38 Pages Posted: 29 May 2007
Date Written: July 2007
In this paper we propose a theory of optimal property rights in a financial contracting setting. Following recent contributions in the property law literature, we emphasize the distinction between contractual rights, that are only enforceable against the parties themselves, and property rights, that are also enforeceable against third parties outside the contract. Our analysis starts with the following question: which contractual agreements should the law allow parties to enforce as property rights? Our proposed answer to this question is shaped by the overall objective of minimizing due diligence (reading) costs and investment distortions that follow from the inability of third-party lenders to costlessly observe pre-existing rights in a borrower's property. Borrowers cannot reduce these costs without the law's help, due to an inability to commit to protecting third-parties from redistribution. We find that the law should take a more restrictive approach to enforcing rights against third-parties when these rights are i) more likely to redistribute value from third-parties ii) less likely to increase efficiency, and iii) more costly for third-parties to discover. We find that these qualitative principles are often reflected in observed legal rules, including the enforceability of negative covenants; fraudulent conveyance; corporate veil-piercing; and limits on assignability.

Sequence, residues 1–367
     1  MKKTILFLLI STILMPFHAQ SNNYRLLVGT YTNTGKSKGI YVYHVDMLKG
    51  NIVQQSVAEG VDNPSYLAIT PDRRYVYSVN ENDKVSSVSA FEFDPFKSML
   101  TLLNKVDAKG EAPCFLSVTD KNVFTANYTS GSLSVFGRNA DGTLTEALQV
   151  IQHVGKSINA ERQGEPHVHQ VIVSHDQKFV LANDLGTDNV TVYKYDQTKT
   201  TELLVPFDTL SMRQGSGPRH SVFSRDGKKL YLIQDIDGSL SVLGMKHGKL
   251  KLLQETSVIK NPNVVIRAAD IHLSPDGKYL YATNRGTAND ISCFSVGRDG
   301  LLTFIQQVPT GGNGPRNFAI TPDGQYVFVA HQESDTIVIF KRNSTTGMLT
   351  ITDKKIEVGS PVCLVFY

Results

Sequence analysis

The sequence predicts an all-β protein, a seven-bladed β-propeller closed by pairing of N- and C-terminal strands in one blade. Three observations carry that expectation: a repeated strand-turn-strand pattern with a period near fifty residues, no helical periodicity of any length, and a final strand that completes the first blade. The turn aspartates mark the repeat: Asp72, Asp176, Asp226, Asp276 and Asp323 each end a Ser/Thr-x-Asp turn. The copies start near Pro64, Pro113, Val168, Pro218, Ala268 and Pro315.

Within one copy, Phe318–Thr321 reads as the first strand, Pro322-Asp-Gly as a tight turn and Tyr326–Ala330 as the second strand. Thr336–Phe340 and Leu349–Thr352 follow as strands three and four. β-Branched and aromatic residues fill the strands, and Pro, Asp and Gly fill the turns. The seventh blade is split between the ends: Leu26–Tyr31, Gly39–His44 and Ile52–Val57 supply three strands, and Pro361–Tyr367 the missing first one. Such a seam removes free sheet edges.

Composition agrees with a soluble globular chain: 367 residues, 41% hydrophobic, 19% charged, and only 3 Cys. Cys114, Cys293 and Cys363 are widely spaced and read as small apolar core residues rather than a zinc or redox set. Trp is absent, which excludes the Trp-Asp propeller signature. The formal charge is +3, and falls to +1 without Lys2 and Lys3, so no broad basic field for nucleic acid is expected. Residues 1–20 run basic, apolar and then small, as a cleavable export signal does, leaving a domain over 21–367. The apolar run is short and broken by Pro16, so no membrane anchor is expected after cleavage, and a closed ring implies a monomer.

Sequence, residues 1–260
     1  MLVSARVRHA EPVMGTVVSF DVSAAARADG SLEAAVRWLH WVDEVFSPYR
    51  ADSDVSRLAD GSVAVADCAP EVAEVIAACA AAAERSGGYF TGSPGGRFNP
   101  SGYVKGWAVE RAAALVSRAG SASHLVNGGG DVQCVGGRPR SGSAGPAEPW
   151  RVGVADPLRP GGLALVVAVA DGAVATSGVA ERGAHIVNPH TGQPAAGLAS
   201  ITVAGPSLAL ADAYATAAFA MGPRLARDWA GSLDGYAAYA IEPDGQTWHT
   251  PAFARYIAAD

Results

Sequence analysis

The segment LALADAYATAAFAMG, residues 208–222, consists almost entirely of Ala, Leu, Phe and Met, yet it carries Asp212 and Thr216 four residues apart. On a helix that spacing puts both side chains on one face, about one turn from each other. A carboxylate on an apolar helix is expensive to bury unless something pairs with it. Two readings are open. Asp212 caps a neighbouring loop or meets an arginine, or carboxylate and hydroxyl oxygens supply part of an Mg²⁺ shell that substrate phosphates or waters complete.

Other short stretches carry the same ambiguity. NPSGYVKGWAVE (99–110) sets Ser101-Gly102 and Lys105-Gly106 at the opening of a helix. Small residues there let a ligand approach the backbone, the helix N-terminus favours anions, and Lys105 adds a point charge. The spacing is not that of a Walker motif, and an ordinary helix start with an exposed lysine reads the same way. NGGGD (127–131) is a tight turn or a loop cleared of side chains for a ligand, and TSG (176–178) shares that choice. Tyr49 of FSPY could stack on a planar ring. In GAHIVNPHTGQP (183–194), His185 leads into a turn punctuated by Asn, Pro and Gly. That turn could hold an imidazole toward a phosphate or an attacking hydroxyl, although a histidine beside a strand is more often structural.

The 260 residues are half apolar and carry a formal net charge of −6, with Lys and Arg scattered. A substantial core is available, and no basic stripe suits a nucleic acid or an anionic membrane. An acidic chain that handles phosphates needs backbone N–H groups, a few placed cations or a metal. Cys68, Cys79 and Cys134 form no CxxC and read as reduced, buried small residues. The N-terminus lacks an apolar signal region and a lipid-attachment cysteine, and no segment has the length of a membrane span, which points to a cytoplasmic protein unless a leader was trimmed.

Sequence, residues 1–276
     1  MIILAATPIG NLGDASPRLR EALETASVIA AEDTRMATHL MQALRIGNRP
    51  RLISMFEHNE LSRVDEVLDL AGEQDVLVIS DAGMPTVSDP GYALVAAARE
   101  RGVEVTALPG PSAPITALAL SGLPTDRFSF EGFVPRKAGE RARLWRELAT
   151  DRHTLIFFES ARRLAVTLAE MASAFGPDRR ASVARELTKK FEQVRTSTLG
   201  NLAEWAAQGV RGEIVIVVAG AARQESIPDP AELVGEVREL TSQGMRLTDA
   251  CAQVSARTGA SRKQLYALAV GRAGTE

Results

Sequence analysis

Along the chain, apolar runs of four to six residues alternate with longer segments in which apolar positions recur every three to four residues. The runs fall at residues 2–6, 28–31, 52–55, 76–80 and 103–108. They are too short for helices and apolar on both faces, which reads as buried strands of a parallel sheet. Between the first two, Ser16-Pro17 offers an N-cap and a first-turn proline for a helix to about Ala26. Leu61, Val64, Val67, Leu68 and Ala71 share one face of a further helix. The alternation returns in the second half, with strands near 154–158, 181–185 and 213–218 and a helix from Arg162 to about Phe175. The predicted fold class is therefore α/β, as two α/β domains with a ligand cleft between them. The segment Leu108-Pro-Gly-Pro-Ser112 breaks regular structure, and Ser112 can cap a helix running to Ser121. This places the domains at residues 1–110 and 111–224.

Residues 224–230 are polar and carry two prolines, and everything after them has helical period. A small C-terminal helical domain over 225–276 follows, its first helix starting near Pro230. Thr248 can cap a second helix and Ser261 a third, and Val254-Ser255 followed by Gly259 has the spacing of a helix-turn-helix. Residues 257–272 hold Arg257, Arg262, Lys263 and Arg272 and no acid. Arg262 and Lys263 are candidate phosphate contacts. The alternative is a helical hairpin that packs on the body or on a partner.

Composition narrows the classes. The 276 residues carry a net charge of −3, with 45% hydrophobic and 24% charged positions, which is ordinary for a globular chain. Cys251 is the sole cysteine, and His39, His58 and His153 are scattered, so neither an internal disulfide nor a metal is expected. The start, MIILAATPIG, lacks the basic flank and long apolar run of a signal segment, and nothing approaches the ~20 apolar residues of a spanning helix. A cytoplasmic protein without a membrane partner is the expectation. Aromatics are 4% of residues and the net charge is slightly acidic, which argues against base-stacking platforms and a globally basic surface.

Keywords: property rights, contracts, legal rules, covenants, bankruptcy
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